Four asteroids are named after three Jesuits and one Pope

Four asteroids will henceforth be named after three Jesuits and one pope. The celestial bodies identified by the numbers 562971, 551878, 565184 will bear the names of Jesuits Johann Hagen, Bill Steger and Robert Janusch respectively.

Inese Steinert – Vatican

Asteroid 560974, on the other hand, is named after Ugo Boncompagni, who is known as Pope Gregory XIII. He has gone down in history with the reform of the calendar, as well as with the beginning of the tradition of Church astronomers and observatories. The three Jesuit fathers mentioned above are also associated with astronomy. The Austrian Johann Hagen (1847–1930) was the first director of the Vatican Observatory, who served in this position from 1906 to 1930. Bill Steger (1943-2014) was also a space explorer and theologian. In 2014, he crossed the threshold of eternity, but before that he worked at the Vatican-owned Tucson Observatory in the United States. Robert Januš, together with other colleagues, currently works at the Vatican observatory “Specola Vaticana”.

There are more than 30 asteroids in the universe named after Jesuits. Among them is Christopher Clavius, who was commissioned by Pope Gregory XIII (1501, or 1502-1585) to work on the new calendar we know today as the “Gregorian” calendar. Giovanni Battista Riccioli (1598-1671) developed the lunar nomenclature system that is still used today.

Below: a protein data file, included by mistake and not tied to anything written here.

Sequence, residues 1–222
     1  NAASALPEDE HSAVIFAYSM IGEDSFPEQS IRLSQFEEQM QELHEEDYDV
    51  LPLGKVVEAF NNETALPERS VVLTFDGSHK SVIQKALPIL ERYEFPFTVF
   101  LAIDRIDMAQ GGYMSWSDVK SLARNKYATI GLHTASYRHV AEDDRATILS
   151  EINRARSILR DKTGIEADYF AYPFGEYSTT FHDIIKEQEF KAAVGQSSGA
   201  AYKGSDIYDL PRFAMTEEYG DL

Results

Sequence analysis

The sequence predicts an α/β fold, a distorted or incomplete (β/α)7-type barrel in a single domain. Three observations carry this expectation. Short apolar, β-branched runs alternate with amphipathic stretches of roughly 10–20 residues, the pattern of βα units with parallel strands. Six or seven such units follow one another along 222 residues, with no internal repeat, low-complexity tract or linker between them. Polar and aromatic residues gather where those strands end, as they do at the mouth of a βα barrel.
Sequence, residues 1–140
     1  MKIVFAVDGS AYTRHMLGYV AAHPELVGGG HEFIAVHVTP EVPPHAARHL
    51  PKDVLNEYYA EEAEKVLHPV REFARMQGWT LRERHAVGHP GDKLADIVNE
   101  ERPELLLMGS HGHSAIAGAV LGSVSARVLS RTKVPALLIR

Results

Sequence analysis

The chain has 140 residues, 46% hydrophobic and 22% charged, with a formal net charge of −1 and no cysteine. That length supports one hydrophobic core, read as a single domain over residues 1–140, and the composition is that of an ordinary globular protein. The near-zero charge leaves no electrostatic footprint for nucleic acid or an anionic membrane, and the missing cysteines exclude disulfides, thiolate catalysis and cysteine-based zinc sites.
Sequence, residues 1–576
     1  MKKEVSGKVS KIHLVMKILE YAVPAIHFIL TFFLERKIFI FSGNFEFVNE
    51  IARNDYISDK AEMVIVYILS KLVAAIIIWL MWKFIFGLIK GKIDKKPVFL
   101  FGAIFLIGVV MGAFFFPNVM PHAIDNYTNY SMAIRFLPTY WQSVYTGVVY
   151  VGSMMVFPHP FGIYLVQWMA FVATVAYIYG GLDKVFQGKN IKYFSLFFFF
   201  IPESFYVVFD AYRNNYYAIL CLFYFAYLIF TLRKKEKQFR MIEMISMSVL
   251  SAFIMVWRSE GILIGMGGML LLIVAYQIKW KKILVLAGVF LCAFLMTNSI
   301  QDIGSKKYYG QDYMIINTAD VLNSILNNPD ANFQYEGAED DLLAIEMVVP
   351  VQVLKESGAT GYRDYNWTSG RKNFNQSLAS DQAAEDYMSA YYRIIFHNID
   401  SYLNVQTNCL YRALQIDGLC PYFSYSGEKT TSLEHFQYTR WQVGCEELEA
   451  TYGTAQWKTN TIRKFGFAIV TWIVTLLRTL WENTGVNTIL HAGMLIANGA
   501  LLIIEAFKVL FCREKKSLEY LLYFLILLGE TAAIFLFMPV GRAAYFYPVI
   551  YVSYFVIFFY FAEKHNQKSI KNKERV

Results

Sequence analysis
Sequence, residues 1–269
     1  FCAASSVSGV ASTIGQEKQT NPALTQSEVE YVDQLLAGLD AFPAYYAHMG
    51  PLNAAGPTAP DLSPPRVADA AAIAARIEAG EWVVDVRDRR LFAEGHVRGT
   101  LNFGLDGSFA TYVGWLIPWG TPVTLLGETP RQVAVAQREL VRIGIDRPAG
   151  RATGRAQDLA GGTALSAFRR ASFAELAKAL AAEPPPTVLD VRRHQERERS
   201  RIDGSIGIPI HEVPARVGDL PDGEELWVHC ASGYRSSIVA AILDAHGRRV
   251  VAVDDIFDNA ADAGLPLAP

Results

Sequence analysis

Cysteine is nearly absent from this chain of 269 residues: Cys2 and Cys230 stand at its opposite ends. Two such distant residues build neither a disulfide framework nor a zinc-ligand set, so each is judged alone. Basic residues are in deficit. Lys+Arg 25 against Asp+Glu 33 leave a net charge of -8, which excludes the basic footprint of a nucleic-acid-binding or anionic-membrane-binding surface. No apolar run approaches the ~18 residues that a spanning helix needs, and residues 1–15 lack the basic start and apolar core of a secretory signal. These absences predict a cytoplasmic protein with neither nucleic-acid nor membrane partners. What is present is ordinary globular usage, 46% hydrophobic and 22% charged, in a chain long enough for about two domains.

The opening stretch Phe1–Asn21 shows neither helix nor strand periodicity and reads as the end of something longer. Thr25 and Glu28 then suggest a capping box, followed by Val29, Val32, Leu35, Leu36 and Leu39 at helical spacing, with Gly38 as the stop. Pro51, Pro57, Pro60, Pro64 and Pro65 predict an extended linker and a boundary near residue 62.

Since the Jesuits have been intensive travelers since earlier centuries, some asteroids, along with their own names and identification number, also bear the names of the countries from which they came or with which their activities are most closely associated. This category includes ‘Philippines 4866 Badiño’, ‘Paraguay 6438 Suarez’, ‘China 31124 Slavicek’, ‘Democratic Republic of Congo 23443 Kikwaya’ and ‘Argentina 2490 Bussolini’. The names of Richard Boyle, Corbally, Coyne, Consolmagno, Kikwaya and Macke of the Vatican observatory’s Specola Vaticana are also immortalized in the bodies found in the sky.

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According to the International Astronomical Union, naming an asteroid or minor planet can sometimes take decades. When a celestial body is discovered, it is given a tentative name based on the date of discovery. After the object has been observed at least four times as it approaches the earth and its orbit has been determined so that the position of the object can be known with sufficient certainty in the future, the Minor Planet Center assigns it a definitive number. Consequently, the moment comes when you can also choose a name for the object. There are certain rules in choosing a word. So, for example, it is not allowed to give an asteroid or a small planet the names of animals – pets, nor names of a commercial nature. Also, the newly discovered object is not allowed to be named after politicians or military personnel, as well as to immortalize an event related to politics or military activities in its name, if 100 years have not yet passed after the death of the specific person or event.

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